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  1. #1
    darkosaric's Avatar
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    In Germany your photos are not always yours

    Interesting dilemma - so nudes from you ex. are not yours any more:

    http://www.theguardian.com/technolog...n-court-ruling

  2. #2
    AgX
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    The Background:

    There are two, often colliding, legal positions in german legislation on photography, more than hundred years old:

    -) the ownership of the photographer on a physical photograph but also on all rights concerning publishing

    -) the right of a subject to prohibit any publication of his image (if not being a person of public interst, unimportant part of a scene etc.)


    Taking photographs of people in public spaces is free by law.


    BUT,

    There are recent court decisions stating that the act of taking a photograph implies publication and by that can be rejected by the subject or the film/file requested.

    This is quite puzzling as there no longer is legal certainty on this issue.

  3. #3

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    The title here is a bit misleading. "Revenge porn" is something a lot different to just "your photos". Nude photos taken without the victim's consent have always been illegal no matter yours or not. Nude photos taken by both's consent gets things a bit more complex and requires approval by both sides to get published.
    Nude photos of models rely on the contractual terms at the time of shooting.
    Public nudity is something different and I have no idea where things fall in :-)

  4. #4

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    bleat

    In the US we bleat a lot about "freedom" but responsibility usually takes a hit. The "freedom" to post revenge photos of an ex is not freedom, it is chickenshit. In Europe they pay more attention to privacy issues than over the pond here. And, over here, your photos are not necessarily yours to do whatever you wish to do with them. It is like writing a letter. You send someone an intimate letter and they own the letter -- the physical paper and ink -- but you own the words. Some slimes recently tried to sell private Jackie Kennedy letters to a priest (she wrote about JFK fooling around with other women) at auction and got slapped down. We are real good over here at telling the world what to do but maybe we should look at our own sins of commission and omission once in a while. Just a thought. I know it is hard to run the most powerful empire the world has ever seen and still be thoughtful about silly things like privacy and rights but maybe we should.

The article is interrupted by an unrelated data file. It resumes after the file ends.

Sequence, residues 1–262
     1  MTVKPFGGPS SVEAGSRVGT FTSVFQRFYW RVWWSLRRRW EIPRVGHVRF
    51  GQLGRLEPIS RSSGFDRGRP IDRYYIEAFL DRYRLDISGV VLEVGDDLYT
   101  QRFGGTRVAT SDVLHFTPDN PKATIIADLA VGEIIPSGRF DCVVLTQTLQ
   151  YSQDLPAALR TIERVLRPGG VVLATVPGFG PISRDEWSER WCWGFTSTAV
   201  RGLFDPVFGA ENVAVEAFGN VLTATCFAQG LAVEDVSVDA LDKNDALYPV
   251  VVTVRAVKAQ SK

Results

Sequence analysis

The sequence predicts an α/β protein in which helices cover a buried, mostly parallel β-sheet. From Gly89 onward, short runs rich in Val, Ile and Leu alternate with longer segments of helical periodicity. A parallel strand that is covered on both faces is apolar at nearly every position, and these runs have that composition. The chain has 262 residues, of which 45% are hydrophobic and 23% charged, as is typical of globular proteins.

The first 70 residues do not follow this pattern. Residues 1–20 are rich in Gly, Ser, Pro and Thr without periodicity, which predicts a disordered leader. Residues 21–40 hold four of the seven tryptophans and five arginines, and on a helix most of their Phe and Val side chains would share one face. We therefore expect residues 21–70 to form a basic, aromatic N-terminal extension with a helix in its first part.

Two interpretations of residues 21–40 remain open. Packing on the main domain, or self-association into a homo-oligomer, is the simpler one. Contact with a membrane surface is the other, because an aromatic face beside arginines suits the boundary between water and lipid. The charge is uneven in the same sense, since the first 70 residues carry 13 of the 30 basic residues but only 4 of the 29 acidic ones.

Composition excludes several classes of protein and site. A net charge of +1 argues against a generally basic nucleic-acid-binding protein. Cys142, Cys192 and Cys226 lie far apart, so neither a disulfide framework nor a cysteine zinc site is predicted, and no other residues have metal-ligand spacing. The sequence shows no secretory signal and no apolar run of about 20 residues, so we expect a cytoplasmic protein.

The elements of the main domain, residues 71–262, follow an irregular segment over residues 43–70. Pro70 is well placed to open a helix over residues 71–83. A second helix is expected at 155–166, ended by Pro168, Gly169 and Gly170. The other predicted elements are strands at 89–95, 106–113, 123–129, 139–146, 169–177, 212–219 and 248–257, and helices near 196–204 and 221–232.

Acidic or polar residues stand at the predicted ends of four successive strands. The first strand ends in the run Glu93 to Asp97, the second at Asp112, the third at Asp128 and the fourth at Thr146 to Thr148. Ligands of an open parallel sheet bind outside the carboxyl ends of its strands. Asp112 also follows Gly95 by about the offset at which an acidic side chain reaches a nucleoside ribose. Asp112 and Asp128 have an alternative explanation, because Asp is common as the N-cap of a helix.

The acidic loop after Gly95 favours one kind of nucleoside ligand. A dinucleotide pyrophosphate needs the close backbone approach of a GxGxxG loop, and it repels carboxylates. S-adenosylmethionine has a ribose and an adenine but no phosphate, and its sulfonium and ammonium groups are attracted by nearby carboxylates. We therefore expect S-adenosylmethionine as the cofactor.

5. #5
    darkosaric's Avatar
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    This guy had no intention of posting the pictures online, he was just possessing the pictures.

  6. #6

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    Quote Originally Posted by darkosaric View Post
    Interesting dilemma - so nudes from you ex. are not yours any more:

    http://www.theguardian.com/technolog...n-court-ruling